Recent discontinuation of clinical trial related to FAAH inhibitor due to occurrence of serious adverse events in the participating subjects could be discouraging for the research fraternity. Despite of some mishaps in clinical trials related to drugs acting on endocannabinoid system, still lot of research is being carried out to explore and establish the therapeutic targets for both cannabinoid receptor agonists and antagonists.

One challenge is to develop drugs that target only cannabinoid receptors in a particular tissue and another is to invent drugs that acts selectively on cannabinoid receptors located outside the blood brain barrier. Besides this, development of the suitable dosage forms with maximum efficacy and minimum adverse effects is also warranted.

Another angle to be introspected for therapeutic abilities of this group of drugs is non-CB1 and non-CB2 receptor targets for cannabinoids.

In order to successfully exploit the therapeutic potential of endocannabinoid system, it is imperative to further characterize the endocannabinoid system in terms of identification of the exact cellular location of cannabinoid receptors and their role as “protective” and “disease inducing substance”, time-dependent changes in the expression of cannabinoid receptors.”

http://www.ncbi.nlm.nih.gov/pubmed/27086601

Facebook Twitter Pinterest Stumbleupon Tumblr Posterous

Elevated Systemic Levels of Endocannabinoids and Related Mediators Across the Menstrual Cycle in Women With Endometriosis.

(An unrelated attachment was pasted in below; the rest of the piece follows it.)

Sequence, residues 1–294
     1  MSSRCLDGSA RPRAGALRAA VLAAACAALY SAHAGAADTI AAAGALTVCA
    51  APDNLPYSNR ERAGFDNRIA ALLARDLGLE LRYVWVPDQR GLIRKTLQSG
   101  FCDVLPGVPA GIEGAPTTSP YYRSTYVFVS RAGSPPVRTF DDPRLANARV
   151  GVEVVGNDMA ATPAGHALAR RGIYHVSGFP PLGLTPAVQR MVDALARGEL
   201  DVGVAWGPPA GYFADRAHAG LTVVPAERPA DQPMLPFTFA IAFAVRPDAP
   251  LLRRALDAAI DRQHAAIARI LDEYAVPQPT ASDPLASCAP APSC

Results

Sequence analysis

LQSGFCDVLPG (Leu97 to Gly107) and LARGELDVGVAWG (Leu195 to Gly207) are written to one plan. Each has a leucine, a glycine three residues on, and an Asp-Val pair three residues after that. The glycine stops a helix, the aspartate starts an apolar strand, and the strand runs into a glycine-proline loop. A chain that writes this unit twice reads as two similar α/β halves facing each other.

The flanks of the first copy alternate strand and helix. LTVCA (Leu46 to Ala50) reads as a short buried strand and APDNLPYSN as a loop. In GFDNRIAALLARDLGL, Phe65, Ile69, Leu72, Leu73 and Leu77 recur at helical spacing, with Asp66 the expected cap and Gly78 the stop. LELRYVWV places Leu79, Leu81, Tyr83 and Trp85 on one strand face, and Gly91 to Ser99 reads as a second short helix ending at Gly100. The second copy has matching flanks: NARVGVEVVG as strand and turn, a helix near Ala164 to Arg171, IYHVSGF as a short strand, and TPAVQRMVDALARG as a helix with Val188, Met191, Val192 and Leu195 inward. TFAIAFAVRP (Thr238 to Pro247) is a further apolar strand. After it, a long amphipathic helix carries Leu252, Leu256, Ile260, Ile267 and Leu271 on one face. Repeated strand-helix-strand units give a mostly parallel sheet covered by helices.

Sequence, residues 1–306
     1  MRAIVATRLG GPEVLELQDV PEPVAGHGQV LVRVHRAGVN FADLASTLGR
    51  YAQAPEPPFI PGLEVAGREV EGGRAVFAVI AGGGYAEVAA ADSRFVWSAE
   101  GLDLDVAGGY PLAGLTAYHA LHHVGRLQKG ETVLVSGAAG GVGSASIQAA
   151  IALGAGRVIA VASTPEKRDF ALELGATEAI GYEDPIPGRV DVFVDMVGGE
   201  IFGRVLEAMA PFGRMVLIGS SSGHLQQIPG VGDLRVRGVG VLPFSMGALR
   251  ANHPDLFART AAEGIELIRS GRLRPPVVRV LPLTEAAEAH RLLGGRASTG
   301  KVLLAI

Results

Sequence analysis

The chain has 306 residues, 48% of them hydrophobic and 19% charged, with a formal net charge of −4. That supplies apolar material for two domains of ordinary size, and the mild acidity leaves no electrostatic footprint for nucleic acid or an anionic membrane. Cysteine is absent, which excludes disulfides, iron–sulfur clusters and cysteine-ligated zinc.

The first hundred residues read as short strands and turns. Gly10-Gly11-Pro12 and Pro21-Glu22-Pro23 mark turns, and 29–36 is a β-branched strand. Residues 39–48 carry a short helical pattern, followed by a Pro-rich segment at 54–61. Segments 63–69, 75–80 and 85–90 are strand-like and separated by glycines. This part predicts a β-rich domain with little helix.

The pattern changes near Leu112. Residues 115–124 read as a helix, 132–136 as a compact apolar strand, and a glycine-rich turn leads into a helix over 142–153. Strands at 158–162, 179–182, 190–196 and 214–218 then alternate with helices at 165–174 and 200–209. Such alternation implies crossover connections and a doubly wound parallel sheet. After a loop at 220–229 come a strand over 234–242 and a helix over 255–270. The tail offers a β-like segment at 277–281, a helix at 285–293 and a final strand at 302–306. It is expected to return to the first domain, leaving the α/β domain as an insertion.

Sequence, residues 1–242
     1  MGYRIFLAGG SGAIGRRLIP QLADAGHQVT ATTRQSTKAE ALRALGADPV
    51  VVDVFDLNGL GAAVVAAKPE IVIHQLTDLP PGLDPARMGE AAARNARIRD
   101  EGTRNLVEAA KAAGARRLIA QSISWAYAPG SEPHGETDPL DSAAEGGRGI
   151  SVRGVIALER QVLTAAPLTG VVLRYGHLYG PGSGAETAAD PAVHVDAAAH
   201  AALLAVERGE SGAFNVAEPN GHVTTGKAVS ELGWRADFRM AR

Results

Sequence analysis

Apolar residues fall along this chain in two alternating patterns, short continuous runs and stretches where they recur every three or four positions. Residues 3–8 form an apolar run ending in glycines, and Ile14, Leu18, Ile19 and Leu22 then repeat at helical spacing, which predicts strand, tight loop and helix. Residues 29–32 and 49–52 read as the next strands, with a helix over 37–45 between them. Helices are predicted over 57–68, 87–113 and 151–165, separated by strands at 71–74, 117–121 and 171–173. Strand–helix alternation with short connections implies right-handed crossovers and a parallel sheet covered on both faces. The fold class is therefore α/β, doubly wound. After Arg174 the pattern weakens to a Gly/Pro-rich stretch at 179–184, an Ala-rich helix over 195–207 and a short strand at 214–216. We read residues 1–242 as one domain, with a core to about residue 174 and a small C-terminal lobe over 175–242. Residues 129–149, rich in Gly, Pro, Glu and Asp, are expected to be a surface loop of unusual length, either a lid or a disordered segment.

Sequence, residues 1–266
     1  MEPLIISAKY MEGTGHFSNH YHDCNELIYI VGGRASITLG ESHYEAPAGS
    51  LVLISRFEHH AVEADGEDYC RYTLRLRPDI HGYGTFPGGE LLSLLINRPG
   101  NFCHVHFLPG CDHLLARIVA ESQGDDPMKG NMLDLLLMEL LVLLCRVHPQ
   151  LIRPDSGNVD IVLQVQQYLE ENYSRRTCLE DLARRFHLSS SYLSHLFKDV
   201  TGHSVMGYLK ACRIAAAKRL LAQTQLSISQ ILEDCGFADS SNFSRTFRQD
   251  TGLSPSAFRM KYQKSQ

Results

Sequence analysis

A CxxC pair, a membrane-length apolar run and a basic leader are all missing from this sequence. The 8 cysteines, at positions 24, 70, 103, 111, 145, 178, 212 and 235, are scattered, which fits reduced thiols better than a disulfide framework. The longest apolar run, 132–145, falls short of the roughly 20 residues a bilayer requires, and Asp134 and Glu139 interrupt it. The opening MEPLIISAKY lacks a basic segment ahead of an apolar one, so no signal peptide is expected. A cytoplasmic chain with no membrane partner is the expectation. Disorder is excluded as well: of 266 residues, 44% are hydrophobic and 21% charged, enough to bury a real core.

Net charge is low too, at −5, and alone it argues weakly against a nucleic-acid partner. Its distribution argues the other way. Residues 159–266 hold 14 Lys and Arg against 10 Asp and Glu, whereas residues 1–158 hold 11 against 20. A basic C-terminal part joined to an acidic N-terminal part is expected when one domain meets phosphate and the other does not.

“Cannabinoids and modulators of the endocannabinoid system affect specific mechanisms that are critical to the establishment and development of endometriosis.

The aim of this study was to measure the systemic levels of endocannabinoids and related mediators in women with and without endometriosis and to investigate whether such levels correlated with endometriosis-associated pain.

These preliminary data suggest that the pharmacological manipulation of the action or levels of these mediators may offer an alternative option for the management of endometriosis-associated pain.”

http://www.ncbi.nlm.nih.gov/pubmed/26887427

Facebook Twitter Pinterest Stumbleupon Tumblr Posterous

Cannabinoid receptor 1 controls nerve growth in ectopic cyst in a rat endometriosis model.

“To investigate whether cannabinoid receptor 1 (CB1R) is involved in nerve growth in endometriosis-associated ectopic cyst…

CONCLUSIONS:

CB1R was involved in the nerve growth of ectopic cyst associated with endometriosis.”

http://www.ncbi.nlm.nih.gov/pubmed/25623980

http://www.thctotalhealthcare.com/category/endometriosis/

Facebook Twitter Pinterest Stumbleupon Tumblr Posterous

Therapeutic potential of cannabinoid medicines.

Drug Testing and Analysis

“Cannabis was extensively used as a medicine throughout the developed world in the nineteenth century but went into decline early in the twentieth century ahead of its emergence as the most widely used illicit recreational drug later that century. Recent advances in cannabinoid pharmacology alongside the discovery of the endocannabinoid system (ECS) have re-ignited interest in cannabis-based medicines.

The ECS has emerged as an important physiological system and plausible target for new medicines. Its receptors and endogenous ligands play a vital modulatory role in diverse functions including immune response, food intake, cognition, emotion, perception, behavioural reinforcement, motor co-ordination, body temperature, wake/sleep cycle, bone formation and resorption, and various aspects of hormonal control. In disease it may act as part of the physiological response or as a component of the underlying pathology.